Exhibiting Simple Machines at the Nantucket Old Mill


Sponsor: Nantucket Historical Association
Sponsor Liaison: James Russell, Edwin Rudd, Mary Lacoursiere
Student Team: Bailey Joseph, Mackenzie Phillips, Mitch Read, Ben Thornton
Abstract: The goal of this project was to research and design methods to enhance the visibility of Nantucket’s Old Mill. The project team worked with the Nantucket Historical Association to evaluate the engineering principles that could be conveyed through interactive, age appropriate museum exhibits at the site. We also developed recommendations for signage around the mill, as well as social media graphics that can be used to promote the Old Mill online. Our final deliverables include this final report, four interactive museum exhibits focusing on simple machines in the Old Mill, final recommendations, and supplemental resources to aid in the use of the interactive exhibits such as instructional panels, teacher’s guides, and an interactive booklet.



Executive Summary


Figure 1. Nantucket Old Mill

The Nantucket Old Mill, shown in Figure 1, is a historic landmark recognized by the American Society of Mechanical Engineers for being America’s oldest still operating smock windmill. It is among seven historic sites owned by the Nantucket Historical Association on the island. Being a stand out example of historic engineering, the NHA feels that the Old Mill has the potential to draw more attention from the local and tourist visitors by having an educational impact on the island.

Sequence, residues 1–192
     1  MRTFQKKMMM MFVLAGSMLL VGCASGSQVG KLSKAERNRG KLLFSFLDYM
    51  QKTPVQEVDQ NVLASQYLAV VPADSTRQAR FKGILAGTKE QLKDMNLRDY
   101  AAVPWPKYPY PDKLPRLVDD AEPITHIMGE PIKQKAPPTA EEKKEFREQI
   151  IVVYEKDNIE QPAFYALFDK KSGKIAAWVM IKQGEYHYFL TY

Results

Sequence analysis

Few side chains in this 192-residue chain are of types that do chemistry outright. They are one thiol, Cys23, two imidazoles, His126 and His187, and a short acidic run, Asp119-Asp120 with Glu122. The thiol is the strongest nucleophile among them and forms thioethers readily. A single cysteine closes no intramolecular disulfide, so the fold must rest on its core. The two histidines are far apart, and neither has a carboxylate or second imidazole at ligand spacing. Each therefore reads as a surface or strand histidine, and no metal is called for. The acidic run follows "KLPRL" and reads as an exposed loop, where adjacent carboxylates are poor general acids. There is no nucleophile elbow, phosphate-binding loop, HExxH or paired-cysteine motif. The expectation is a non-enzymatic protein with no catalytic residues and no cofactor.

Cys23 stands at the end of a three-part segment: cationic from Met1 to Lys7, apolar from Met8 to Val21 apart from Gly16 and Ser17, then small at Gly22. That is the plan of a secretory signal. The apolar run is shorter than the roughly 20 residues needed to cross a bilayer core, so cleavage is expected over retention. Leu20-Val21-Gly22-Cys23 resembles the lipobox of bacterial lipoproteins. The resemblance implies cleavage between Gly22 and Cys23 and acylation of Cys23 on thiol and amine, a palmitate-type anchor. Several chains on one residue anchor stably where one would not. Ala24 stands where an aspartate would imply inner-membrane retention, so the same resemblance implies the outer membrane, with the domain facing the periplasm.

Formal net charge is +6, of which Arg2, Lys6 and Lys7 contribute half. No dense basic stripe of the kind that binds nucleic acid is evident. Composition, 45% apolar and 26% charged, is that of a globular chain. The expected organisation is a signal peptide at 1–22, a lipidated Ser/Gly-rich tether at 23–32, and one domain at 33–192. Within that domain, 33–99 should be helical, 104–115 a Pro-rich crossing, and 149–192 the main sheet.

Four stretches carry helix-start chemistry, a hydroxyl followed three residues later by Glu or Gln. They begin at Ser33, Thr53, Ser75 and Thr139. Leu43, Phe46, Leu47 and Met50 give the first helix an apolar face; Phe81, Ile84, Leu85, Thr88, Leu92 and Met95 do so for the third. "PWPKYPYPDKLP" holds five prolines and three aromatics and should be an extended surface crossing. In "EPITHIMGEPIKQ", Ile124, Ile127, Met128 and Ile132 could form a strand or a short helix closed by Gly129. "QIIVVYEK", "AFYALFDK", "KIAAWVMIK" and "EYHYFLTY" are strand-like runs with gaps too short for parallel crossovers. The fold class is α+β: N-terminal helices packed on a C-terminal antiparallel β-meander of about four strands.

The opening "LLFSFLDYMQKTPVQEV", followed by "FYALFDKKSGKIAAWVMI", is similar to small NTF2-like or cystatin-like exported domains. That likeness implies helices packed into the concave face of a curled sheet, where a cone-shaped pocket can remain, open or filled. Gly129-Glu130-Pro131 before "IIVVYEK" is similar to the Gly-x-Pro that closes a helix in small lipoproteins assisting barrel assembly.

Project Statement

The goal of this project was to research and design methods to enhance the visibility of Nantucket’s Old Mill, ultimately by creating family-friendly interactive museum exhibits to showcase the history and engineering of the mill. To achieve this goal, our team researched the history of Nantucket and its Old Mill, as well as other historic windmills and living museums in the Worcester area. Using this information, we designed and created exhibits that educate visitors about the engineering principles supported by the Old Mill. The experience students and families gain through using the interactive exhibits will provide an immersive experience even if the Old Mill isn’t operating on the day of their visit or if they are unable to access the Old Mill building. Our team also analyzed the existing social media presence of the NHA and the Old Mill to create recommendations for developing an enhanced social media presence, as well as provided a comprehensive list of signage improvements that could be made to the Old Mill.

Project Objectives

To achieve this goal, the following project objectives were developed.

  1. Design a series of interactive museum exhibits appropriate to a variety of audiences that can be used to teach the history and engineering principles of the Old Mill in comprehensive exhibits.
  • Research background material relevant to understanding the history and educational potential of the Old Mill.
  • Create a list of design criteria that coincide with the background research.
  • Design age-appropriate exhibits on the Old Mill site that teach how the mill operates.
  1. Recommend improvements to the Old Mill property to enhance visibility of the site.
  • Develop standardized sign templates for the Old Mill.
  • Create a comprehensive list of new signs, and signs that need to be updated.
  • Develop sample social media posts to promote the Old Mill on NHA social media platforms.